Food Systems Countdown Initiative


Today, food systems are failing to support human health, threaten the long-term viability of life on earth and are similarly threatened by the impacts of climate change. Food systems are responsible for an estimated 30% of greenhouse gas emissions and the foods we eat are linked to six of the top ten risk factors for disease and death globally. Continuing on the present path is untenable for current and future generations. Food system transformation is central to meeting the Sustainable Development Goals (SDGs) by their 2030 deadline as well as to meeting the targets and commitments established in the three Rio Conventions on climate change (UNFCCC), the Convention on Biological Diversity (UNCBD), and the UN Convention to Combat Desertification (UNCCD). Meeting these goals is possible, but rigorous evidence is needed to guide the path forward.



The Food Systems Countdown Initiative (FSCI) is working to build a science-based observational system to monitor food systems globally. No rigorous mechanism currently exists to measure and track all aspects of global food systems, their interactions, and their changes over time. Deliberately changing complex systems that cut across sectors, jurisdictions, and national borders calls for a comprehensive, ongoing program of scientific measurement and assessment of all aspects of the system and their interactions to guide decisionmakers and hold those in power to account for transformation. Tracking food systems facilitates performance assessment relative to established targets and goals and incentivizes action. Doing so for food systems complements other global and regional monitoring and tracking initiatives focused on related outcomes, such as sustainable agriculture, nutrition, and health. Such monitoring can further offer food system actors and stakeholders (e.g., civil society, governments, and international organizations) actionable evidence to hold governments, consumers (specifically, those with the privilege to choose), and the private sector accountable for food system transformation.

The goals of this Initiative are to:

  • Develop a monitoring framework: In 2021, the Initiative published an initial framing paper in the journal, Food Policy, titled “Rigorous monitoring is necessary to guide food system transformation in the countdown to 2030 global goals and beyond,” that develops a framework for tracking food systems organized into five thematic areas.
  • Provide a global food systems baseline and subsequent annual assessments: In 2022, the Initiative is conducting an inclusive, transparent process to select the set of curated indicators. A peer-reviewed scientific journal publication aims to provide summary statistics for the curated, parsimonious set of indicators that together cover all important aspects of food systems, thereby providing a food systems baseline. Annual publications aim to keep food systems transformation on the global policy agenda through 2030 and will include assessing performance relative to targets and other benchmarks and analyzing tradeoffs, synergies, and interactions between food system components.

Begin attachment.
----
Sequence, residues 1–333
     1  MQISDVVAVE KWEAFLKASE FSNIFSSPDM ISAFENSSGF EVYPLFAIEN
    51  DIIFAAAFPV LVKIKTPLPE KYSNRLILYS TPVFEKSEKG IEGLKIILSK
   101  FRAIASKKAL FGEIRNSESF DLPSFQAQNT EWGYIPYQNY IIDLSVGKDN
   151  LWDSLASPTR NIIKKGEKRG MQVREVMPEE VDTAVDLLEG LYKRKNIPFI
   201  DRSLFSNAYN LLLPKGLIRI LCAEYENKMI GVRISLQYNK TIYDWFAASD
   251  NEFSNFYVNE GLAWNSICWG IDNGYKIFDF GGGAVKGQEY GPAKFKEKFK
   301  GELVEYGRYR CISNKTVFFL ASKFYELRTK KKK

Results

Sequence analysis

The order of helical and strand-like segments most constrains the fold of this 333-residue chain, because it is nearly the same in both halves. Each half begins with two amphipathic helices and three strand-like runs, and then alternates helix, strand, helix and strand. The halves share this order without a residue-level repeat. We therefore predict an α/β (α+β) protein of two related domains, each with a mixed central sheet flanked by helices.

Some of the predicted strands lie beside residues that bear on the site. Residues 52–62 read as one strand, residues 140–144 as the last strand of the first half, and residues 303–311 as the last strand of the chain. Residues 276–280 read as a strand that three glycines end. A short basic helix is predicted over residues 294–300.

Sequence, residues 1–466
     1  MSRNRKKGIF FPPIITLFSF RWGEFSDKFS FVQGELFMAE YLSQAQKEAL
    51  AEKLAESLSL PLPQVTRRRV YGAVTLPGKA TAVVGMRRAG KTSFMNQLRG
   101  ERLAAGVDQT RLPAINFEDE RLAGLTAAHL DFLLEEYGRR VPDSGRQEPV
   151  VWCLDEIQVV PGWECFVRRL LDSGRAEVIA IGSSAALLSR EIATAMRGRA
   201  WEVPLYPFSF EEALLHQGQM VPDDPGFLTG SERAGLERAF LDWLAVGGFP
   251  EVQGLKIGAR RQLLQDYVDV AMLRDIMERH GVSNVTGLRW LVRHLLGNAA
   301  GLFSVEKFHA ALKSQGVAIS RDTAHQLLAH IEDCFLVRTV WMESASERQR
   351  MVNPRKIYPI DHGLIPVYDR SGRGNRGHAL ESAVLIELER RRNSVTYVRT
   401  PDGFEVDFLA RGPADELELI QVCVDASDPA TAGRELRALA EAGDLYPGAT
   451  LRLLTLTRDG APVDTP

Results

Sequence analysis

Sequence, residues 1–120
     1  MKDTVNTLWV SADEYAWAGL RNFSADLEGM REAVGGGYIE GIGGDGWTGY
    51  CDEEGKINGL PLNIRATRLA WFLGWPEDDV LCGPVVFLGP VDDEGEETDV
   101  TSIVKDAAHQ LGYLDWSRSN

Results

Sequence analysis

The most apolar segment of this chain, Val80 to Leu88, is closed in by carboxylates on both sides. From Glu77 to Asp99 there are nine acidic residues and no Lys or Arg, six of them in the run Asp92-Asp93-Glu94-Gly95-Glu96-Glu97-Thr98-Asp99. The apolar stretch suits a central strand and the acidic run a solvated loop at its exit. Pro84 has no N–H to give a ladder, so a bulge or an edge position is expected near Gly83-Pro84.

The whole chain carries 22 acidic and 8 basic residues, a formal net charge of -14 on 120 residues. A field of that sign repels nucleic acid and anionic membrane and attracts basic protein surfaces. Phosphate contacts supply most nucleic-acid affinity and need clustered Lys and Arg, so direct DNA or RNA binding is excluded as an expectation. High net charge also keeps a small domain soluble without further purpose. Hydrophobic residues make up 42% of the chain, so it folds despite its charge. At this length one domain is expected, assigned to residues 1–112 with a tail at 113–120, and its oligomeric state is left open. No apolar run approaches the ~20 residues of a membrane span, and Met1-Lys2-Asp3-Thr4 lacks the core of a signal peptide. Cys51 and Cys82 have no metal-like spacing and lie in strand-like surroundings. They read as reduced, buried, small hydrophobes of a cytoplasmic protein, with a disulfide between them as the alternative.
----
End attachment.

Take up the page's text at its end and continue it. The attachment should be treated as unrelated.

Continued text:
• Answer new food systems research question: Bringing about food system transformation requires deepening our understanding of the interactions, feedback loops, and distal impacts of changes in food systems. Our research agenda centers around the evidence gaps exposed by moving from siloed, disciplinary analyses of agriculture, nutrition, health, and the environment to a comprehensive understanding of food systems.

Project Team

The Food Systems Countdown Initiative is led by Dr. Jessica Fanzo of Johns Hopkins, Dr. Lawrence Haddad of GAIN, and Dr. Jose Rosero Moncayo of the FAO. Dr. Kate Schneider leads the data team and overall coordination for this project together with several Johns Hopkins graduate students. The Initiative involves more than 55 collaborators from over 30 institutions; all their names and biographies can be found here. This project has been funded to date by BMZ and the Government of the Netherlands.

Related Publications

Fanzo, J.C., Haddad, L., Schneider, K.R., Béné, C., Covic, N.M., Guarin, A., Herforth, A.W., Herrero, M., Sumaila, U.R., Aburto, N.J., Amuyunzu-Nyamongo, M., Barquera, S., Battersby, J., Beal, T., Bizzotto Molina, P., Brusset, E., Cafiero, C., Campeau, C., Caron, P., Cattaneo, A., Conforti, P., Davis, C., DeClerck, F.A.J., Elouafi, I., Fabi, C., Gephart, J.A., Golden, C.D., Hendriks, S.L., Huang, J., Laar, A., Lal, R., Lidder, P., Loken, B., Marshall, Q., Masuda, Y.J., McLaren, R., Neufeld, L.M., Nordhagen, S., Remans, R., Resnick, D., Silverberg, M., Torero Cullen, M., Tubiello, F.N., Vivero-Pol, J.-L., Wei, S., Rosero Moncayo, J., 2021. Viewpoint: Rigorous monitoring is necessary to guide food system transformation in the countdown to the 2030 global goals. Food Policy 104, 102163.

Recent highlight

Agri-food Systems Transformation: New, Ambitious Framework Proposed to Monitor Progress
Prof. Fanzo seeks rigorous metrics system in piece published by the Food Policy Journal

Food Systems Monitoring Webinar

UN Food Systems Summit side event: “Rigorous monitoring is necessary to guide food system transformation in the countdown to 2030 global goals and beyond,” held September 24, 2021